Treacher Collins Syndrome has been shown to occur with the same frequency in boys and girls. Currently, no one knows what causes this condition. In over 60% of cases both the mother and father of a child born with Treacher Collins Syndrome have normal genes, and the mother does “everything right” during her pregnancy. The process of bringing genes together from a mother and father is quite complicated. Once in awhile, a gene can be changed in the process. The gene for Treacher-Collins Syndrome has been identified and is sometimes called the “Treacle gene.”  This gene is located on chromosome 5q.  Treacher Collins Syndrome can be inherited, and is transmitted in what geneticists call an “autosomal dominant pattern.” This means that if a child affected with Treacher Collins Syndrome decides to have children when he or she is grown, there is a 50% chance of having a baby who also has Treacher Collins Syndrome.

Nager Syndrome

Nager syndrome is another autosomal dominant disorder characterized by patients with faces similar to individuals with Treacher Collins Syndrome. These patients also have “bird-like” features and their mandibles are typically small and recessed with an obtuse angle. Their distinction lies in the fact that they have more severe ear deformities than patients with Treacher Collins. They also have characteristic upper and lower extremity defects. The genetic mutation associated with this deformity is currently unknown.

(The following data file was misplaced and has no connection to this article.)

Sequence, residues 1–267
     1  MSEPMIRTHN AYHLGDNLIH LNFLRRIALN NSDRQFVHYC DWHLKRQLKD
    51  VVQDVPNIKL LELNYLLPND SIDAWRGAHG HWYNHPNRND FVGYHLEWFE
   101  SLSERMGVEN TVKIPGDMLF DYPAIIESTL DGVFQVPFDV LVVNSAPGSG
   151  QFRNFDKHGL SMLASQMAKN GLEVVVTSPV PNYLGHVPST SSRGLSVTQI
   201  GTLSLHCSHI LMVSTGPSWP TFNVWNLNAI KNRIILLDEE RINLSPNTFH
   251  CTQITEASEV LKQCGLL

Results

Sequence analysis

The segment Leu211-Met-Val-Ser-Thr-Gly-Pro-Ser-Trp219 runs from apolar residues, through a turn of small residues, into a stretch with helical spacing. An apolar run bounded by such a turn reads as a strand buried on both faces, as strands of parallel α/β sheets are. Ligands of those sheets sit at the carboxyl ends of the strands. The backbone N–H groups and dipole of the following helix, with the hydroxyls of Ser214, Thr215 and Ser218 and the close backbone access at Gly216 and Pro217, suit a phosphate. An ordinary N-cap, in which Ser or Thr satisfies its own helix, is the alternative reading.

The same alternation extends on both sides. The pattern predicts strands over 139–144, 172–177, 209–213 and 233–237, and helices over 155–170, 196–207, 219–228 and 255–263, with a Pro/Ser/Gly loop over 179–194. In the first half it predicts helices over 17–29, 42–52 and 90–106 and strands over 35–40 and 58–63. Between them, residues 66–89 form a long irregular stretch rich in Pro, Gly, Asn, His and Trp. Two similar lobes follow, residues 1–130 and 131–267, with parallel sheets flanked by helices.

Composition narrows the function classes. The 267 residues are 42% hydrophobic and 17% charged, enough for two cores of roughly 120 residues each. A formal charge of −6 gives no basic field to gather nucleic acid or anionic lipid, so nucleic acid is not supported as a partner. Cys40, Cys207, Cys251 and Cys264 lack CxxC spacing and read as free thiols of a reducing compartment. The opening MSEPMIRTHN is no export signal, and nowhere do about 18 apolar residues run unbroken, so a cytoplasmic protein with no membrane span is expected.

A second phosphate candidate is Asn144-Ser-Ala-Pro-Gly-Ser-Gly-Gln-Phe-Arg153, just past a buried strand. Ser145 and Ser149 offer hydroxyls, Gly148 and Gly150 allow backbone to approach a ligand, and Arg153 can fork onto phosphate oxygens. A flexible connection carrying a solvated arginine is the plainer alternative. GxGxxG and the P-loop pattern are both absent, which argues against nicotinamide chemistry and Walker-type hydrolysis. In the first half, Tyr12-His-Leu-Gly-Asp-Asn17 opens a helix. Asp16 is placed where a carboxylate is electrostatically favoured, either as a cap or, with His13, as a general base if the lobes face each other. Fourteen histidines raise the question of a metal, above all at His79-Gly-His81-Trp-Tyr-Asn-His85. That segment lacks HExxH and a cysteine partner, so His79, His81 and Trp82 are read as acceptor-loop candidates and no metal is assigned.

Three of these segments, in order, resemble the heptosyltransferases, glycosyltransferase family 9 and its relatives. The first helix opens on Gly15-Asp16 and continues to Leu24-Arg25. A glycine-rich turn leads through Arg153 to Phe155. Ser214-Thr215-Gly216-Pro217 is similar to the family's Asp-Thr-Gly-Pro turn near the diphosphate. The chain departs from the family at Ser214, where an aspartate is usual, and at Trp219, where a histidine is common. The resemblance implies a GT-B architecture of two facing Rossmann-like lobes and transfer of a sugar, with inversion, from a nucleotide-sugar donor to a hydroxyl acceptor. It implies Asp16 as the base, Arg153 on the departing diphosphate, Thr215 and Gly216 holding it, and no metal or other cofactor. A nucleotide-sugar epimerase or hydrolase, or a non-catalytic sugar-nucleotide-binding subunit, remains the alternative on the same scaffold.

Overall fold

The treatment of the mandibular malformations in these patients varies based on the degree of underlying pathology. Patients with minimal deformity require either no treatment or a sliding genioplasty (chin augmentation), in order to normalize facial appearance. The majority of patients however, have more severe forms of micrognathia (small lower jaw) and require some form of bone grafting or orthognathic surgery to generate an adequate repair. Bone grafting of the mandible with costochondral rib grafts has traditionally been performed in the prepubescent years in order to augment mandibular projection. Definitive orthognathic surgery is typically delayed until the facial skeletal maturity, with adult teeth erupted, in order to decrease the incidence of post surgical skeletal relapse.